“Pets Negotiable”: How Do the Perspectives of Landlords and Property Managers Compare with Those of Younger Tenants with Dogs?
Simple SummaryIn rental housing policy, pets are rarely considered as valued household members. Instead, landlords and property managers are often permitted to ban pets outright, or to advertise them as merely negotiable in their listings for rental housing. In fact, previous research has shown that moving and renting are key reasons for animal relinquishment. To reduce the number of animals that are given up each year due to housing issues, we surveyed landlords and property managers about their perspectives towards pets. Also, because younger adults are disproportionately tenants and because dogs are often banned from rental housing, we interviewed younger tenants with dogs about their recent experiences in the rental market. Our results confirm that dog owners face difficulties in finding rental housing. To keep their pets, tenants made compromises on where and how they lived, which held consequences for their health and that of their pets. Suggestions for improvement are provided, as are implications for research, policy, and practice.
AbstractPrevious research has shown that housing insecurity contributes to animal relinquishment and that tenants with dogs face disadvantages in the rental market. Still, little is known about how dog owners navigate rental markets, nor how landlords and property managers perceive dogs and other pets. This case study reports on in-depth interviews with younger tenants with dogs and on open-ended survey responses from landlords and property managers. In their housing searches, tenants with dogs reported feeling powerless in negotiations and feeling discriminated against. They described settling for substandard properties, often located in less desirable neighborhoods. Also, some said they felt obliged to stay put in these rentals, given how difficult it had been to find a place that would accommodate their dogs. Meanwhile, landlords and property managers indicated that listings advertised as “pet-friendly” tend to receive more applicants than listings in which pets are prohibited. Suggestions for improvement included meeting pets prior to signing the lease; getting everything in writing; steering clear from furnished units; charging utilities to tenants; and speeding up the pet approval process when dealing with condominium boards. These suggestions offer implications for future research, partnerships, and policy options to improve the prospects of pets and their people in rental housing. View Full-Text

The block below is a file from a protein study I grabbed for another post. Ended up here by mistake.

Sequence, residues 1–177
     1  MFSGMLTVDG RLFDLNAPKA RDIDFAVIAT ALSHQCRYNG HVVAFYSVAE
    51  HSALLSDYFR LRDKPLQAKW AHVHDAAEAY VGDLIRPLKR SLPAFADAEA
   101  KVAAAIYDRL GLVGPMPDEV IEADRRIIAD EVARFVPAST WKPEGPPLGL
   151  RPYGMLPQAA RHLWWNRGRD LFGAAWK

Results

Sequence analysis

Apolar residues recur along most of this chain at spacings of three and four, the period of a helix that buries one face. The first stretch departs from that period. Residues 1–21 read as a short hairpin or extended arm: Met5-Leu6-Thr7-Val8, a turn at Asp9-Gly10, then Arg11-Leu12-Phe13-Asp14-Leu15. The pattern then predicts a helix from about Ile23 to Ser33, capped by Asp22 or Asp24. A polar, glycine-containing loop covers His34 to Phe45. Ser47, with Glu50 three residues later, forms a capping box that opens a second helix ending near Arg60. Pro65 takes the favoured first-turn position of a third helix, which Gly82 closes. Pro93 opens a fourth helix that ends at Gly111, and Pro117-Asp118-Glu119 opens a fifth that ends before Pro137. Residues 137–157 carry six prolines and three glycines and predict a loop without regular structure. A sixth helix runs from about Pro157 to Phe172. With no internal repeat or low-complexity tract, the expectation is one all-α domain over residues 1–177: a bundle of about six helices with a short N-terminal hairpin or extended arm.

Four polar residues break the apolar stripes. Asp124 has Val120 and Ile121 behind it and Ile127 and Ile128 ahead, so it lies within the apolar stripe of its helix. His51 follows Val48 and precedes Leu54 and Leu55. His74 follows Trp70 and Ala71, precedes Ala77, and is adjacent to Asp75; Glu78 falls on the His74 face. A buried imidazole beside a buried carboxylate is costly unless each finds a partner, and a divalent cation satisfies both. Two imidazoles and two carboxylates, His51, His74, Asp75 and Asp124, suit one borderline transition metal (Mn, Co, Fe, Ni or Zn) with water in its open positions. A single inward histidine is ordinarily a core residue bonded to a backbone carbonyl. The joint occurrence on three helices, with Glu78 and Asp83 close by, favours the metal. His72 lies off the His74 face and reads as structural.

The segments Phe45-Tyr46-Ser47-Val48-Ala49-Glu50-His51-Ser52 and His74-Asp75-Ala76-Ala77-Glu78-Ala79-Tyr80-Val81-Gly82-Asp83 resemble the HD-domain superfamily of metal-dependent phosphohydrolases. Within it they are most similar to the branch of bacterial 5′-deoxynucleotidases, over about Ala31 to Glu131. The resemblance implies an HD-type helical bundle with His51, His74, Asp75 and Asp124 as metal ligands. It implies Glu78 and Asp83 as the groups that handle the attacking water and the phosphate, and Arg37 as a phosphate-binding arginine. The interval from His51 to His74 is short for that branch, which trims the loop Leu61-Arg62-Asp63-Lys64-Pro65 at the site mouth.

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Graham, T.M.; Milaney, K.J.; Adams, C.L.; Rock, M.J. “Pets Negotiable”: How Do the Perspectives of Landlords and Property Managers Compare with Those of Younger Tenants with Dogs? Animals 2018, 8, 32.
Graham TM, Milaney KJ, Adams CL, Rock MJ. “Pets Negotiable”: How Do the Perspectives of Landlords and Property Managers Compare with Those of Younger Tenants with Dogs? Animals. 2018; 8(3):32.Chicago/Turabian Style
Graham, Taryn M.; Milaney, Katrina J.; Adams, Cindy L.; Rock, Melanie J. 2018. "“Pets Negotiable”: How Do the Perspectives of Landlords and Property Managers Compare with Those of Younger Tenants with Dogs?" Animals 8, no. 3: 32.
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